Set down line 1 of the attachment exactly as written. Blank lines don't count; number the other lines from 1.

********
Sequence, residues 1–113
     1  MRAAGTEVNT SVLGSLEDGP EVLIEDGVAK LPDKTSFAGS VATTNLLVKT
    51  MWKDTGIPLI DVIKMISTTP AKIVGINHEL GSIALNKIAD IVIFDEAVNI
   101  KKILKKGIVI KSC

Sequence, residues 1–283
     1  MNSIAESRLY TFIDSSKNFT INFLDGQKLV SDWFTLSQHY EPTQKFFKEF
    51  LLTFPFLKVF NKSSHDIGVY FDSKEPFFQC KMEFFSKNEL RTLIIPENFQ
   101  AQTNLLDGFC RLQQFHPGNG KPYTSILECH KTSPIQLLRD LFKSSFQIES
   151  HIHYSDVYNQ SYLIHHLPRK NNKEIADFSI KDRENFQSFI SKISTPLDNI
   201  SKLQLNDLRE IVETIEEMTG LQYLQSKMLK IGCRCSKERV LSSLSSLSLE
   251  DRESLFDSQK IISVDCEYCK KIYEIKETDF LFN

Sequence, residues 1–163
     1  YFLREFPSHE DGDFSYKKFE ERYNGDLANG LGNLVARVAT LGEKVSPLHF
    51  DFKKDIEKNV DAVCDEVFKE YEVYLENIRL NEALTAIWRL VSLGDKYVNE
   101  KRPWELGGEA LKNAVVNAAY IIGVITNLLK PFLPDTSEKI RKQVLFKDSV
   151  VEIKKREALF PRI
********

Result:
Sequence, residues 1–113